Last revised by Daniel J Bell on 3 Apr 2020

Afibrinogenemia, also called congenital afibrinogenemia, is a rare autosomal recessive inherited blood disorder due to deficiency of the clotting protein fibrinogen. The disorder is associated with increased risk of spontaneous hemorrhage1.

Afibrinogenemia has an estimated prevalence of one in 1,000,000 2,3. It is characterized by the complete absence or reduced amounts of immunoreactive fibrinogen as measured by antigenic and functional assays (less than 0.1 g/L whereas the normal range is 2 to 4 g/L) 4.

Symptoms usually begin to show at birth with umbilical cord bleeding 5. The most common clinical symptoms are mucocutaneous, soft tissue, joint, intracranial and genitourinary bleeding. This bleeding may be spontaneous, traumatic or postsurgical 6. Excessive menstrual bleeding and spontaneous abortions in women have been seen 7,8,11. Rarely splenic rupture has been reported.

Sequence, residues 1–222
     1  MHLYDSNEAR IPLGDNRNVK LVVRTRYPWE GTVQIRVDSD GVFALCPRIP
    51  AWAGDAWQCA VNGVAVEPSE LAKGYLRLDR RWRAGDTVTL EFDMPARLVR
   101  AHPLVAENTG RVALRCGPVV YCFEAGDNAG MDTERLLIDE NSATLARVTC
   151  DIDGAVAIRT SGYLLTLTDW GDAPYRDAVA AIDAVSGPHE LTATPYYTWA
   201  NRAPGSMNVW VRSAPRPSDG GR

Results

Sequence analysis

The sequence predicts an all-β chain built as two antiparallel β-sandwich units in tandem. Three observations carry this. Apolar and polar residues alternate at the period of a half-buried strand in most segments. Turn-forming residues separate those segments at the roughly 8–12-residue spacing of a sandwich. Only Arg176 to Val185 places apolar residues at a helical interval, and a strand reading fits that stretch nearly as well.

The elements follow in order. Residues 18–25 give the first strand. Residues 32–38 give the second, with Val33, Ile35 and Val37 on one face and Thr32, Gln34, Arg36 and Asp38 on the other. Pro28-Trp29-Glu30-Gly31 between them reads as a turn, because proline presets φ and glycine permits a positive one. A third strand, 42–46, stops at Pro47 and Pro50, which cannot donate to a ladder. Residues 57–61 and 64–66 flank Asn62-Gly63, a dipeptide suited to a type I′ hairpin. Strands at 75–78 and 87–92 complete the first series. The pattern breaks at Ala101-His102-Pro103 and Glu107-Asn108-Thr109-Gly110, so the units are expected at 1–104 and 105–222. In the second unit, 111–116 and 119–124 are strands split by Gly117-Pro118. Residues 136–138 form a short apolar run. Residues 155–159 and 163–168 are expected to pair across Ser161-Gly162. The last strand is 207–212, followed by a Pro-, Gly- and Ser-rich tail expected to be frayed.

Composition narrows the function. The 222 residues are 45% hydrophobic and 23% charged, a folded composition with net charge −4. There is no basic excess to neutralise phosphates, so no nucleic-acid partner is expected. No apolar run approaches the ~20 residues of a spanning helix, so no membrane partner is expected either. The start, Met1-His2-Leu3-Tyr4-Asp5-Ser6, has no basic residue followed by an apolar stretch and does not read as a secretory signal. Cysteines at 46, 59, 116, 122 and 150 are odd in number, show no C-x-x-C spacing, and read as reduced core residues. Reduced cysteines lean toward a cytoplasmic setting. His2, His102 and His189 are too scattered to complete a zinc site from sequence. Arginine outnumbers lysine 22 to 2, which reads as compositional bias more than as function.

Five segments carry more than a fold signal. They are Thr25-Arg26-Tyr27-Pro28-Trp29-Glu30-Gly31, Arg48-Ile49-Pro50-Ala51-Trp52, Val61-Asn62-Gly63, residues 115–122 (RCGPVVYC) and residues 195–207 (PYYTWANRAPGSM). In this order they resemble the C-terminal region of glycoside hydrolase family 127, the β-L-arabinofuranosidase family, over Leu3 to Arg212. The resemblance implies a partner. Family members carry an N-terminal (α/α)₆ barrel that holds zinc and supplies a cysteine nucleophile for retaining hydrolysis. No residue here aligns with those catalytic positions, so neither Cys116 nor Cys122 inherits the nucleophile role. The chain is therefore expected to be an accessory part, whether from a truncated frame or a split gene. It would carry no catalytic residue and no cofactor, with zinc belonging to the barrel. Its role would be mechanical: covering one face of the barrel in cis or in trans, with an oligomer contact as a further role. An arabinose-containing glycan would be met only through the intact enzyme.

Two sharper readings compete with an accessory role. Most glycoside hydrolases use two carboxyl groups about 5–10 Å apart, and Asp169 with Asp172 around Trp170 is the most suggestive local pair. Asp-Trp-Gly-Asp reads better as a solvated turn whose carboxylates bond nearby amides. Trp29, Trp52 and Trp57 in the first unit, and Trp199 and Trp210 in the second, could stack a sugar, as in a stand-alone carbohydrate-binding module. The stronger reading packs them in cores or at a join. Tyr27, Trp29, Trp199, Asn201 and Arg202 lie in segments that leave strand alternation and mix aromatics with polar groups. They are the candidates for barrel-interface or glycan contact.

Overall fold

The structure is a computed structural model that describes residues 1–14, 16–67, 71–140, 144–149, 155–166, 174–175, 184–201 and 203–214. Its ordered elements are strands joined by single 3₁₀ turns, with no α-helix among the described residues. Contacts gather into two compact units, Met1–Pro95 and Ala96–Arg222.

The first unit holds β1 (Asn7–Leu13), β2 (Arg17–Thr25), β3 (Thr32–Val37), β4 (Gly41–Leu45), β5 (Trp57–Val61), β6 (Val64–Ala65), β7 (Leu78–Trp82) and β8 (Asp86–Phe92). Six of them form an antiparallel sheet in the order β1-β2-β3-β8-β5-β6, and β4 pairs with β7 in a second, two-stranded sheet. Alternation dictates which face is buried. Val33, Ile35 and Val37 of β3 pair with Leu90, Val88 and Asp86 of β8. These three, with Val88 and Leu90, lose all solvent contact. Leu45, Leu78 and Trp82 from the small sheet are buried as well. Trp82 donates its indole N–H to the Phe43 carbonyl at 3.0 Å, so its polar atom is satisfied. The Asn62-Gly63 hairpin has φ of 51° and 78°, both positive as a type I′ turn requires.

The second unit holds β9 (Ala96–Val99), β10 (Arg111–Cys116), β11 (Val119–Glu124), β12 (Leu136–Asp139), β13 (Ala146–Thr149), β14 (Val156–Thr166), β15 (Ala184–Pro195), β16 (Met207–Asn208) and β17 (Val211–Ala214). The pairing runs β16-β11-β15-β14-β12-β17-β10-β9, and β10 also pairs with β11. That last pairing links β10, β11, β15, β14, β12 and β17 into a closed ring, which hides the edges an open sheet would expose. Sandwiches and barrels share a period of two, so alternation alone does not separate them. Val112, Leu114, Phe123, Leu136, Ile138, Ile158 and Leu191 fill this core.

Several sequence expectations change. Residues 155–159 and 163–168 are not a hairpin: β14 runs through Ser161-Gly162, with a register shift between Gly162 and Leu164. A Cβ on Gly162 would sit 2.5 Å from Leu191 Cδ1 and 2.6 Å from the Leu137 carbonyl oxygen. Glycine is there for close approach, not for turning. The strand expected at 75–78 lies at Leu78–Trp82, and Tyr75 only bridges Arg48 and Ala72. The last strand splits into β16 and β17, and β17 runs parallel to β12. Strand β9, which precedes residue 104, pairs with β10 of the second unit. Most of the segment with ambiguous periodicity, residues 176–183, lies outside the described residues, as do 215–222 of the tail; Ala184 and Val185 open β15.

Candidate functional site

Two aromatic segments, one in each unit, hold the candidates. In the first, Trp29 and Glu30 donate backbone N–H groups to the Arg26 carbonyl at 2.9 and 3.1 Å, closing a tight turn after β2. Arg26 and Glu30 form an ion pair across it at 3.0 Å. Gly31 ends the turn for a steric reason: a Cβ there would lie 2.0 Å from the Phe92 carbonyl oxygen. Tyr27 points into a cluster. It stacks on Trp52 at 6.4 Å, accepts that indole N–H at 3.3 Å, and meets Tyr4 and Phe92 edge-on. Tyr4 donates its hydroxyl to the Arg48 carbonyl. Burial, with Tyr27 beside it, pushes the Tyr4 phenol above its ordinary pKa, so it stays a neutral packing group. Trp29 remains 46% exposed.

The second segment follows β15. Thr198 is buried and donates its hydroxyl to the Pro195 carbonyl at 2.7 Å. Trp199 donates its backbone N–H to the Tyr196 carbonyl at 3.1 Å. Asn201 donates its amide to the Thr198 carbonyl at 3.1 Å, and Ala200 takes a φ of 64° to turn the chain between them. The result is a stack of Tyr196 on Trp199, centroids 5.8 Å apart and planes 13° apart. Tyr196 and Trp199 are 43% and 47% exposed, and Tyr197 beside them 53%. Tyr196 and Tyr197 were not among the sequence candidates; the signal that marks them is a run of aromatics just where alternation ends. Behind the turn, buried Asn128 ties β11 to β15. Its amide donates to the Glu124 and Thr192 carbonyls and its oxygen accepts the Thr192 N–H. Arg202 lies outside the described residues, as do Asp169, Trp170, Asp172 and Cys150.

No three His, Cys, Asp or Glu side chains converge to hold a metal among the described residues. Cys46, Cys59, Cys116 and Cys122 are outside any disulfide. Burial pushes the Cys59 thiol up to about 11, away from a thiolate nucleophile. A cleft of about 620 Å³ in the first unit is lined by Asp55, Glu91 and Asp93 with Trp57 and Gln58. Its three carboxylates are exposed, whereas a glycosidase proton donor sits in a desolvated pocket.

Imaging findings relate to the presence of hemorrhage 9,10:

Supportive treatments including transfusions, fibrinogen administration, repeated packing surgeries and selective embolization, may be successful 1.

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